Biden and Dutch PM discuss semiconductor dispute, Patriots for Ukraine
WASHINGTON, Jan 17 (Reuters) - U.S. President Joe Biden and Dutch Prime Minister Mark Rutte held wide-ranging talks on Tuesday that included a discussion on Dutch concerns about new U.S. restrictions on exporting chip-making technology to China.
"It did come up in their conversation," White House press secretary Karine Jean-Pierre told reporters after the talks.
Rutte told Biden of Dutch plans to offer the Patriot missile defense system to Ukraine, working together with Germany on an initiative to help Ukraine defend itself from a barrage of missile attacks from Russia.
"I think that it's important we join that and I discussed it also this morning with Olaf Scholz of Germany," Rutte said.
Biden told Rutte he looked forward to discussing ways to strengthen the supply chain as he welcomed the prime minister to the White House. Biden also thanked Rutte for being "very very stalwart" on its support for Ukraine.
Rutte said the Netherlands has decided to spend an additional 2.5 billion euros ($2.70 billion) supporting Ukraine, an announcement the government made previously.
Trade Minister Liesje Schreinemacher said on Sunday the Netherlands would not summarily accept demands by the United States on chip technology.
Jean-Pierre did not have details of the conversation between Biden and Rutte on chips but said: "We don't push any of our allies or our partners, we consult with each one of them closely and they make their own decisions."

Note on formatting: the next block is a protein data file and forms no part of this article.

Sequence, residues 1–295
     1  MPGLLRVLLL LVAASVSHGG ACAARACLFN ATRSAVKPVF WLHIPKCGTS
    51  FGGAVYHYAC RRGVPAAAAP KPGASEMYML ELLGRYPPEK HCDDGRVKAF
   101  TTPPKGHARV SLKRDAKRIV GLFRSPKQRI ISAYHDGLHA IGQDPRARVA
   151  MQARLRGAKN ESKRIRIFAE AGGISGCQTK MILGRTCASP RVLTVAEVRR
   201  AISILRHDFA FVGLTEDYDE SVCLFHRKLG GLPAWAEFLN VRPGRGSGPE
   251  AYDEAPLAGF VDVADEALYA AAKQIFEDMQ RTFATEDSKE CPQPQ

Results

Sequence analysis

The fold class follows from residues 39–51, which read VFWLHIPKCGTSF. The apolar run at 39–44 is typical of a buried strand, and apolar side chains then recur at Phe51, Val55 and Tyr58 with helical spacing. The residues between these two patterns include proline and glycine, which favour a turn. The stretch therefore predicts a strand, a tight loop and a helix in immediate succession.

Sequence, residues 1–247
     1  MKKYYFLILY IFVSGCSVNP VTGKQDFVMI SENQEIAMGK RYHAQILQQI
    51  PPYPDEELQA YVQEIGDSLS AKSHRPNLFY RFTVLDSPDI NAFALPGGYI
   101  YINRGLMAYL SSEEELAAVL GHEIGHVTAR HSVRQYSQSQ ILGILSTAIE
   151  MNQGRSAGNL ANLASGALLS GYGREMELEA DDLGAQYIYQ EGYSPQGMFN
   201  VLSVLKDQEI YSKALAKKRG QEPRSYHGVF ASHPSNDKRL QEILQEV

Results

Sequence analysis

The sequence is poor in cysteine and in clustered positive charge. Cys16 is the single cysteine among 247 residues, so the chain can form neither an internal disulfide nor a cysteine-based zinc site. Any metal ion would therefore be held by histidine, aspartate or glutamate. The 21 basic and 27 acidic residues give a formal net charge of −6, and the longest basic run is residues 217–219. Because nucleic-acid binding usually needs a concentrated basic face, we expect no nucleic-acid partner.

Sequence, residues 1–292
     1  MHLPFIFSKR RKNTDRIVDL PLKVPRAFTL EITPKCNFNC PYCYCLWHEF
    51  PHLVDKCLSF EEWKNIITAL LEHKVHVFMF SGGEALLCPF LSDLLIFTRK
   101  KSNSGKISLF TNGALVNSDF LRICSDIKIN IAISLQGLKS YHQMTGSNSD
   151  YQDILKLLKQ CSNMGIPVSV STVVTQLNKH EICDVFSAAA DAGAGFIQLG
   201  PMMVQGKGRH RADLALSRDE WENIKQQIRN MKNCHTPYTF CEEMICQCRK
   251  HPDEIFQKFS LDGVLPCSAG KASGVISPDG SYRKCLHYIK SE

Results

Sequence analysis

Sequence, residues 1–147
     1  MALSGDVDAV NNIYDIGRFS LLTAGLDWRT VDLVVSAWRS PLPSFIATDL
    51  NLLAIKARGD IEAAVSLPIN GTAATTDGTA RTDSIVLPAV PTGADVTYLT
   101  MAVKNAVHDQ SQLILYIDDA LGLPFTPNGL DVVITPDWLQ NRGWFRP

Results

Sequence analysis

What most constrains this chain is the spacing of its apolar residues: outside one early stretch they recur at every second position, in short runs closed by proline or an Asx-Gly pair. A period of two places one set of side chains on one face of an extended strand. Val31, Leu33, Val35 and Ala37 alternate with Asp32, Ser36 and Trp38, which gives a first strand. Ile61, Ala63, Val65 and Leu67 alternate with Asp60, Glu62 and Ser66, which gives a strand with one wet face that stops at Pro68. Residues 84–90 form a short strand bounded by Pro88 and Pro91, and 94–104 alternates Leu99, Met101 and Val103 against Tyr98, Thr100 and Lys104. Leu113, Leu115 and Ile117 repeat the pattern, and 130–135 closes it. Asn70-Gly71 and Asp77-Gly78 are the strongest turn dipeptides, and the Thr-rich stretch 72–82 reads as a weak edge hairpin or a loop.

A White House statement on the talks said Biden and Rutte "discussed the importance of secure supply chains and critical technologies to our national security and economic prosperity."
The United States in October adopted sweeping measures to hobble China's ability to make its own chips, and U.S. trade officials said at the time they expected the Netherlands and Japan to implement similar rules soon.
The Netherlands' largest company is ASML Holding, a supplier to the semiconductor industry.
Rutte told reporters on Friday that he did not feel pressure from Washington to adopt more restrictions on semiconductor exports to China.
“This is a terrain where we're a world player and we can conduct discussions about it without immediately talking in terms ... of being 'put under pressure'. I don't experience it like that at all," he said.
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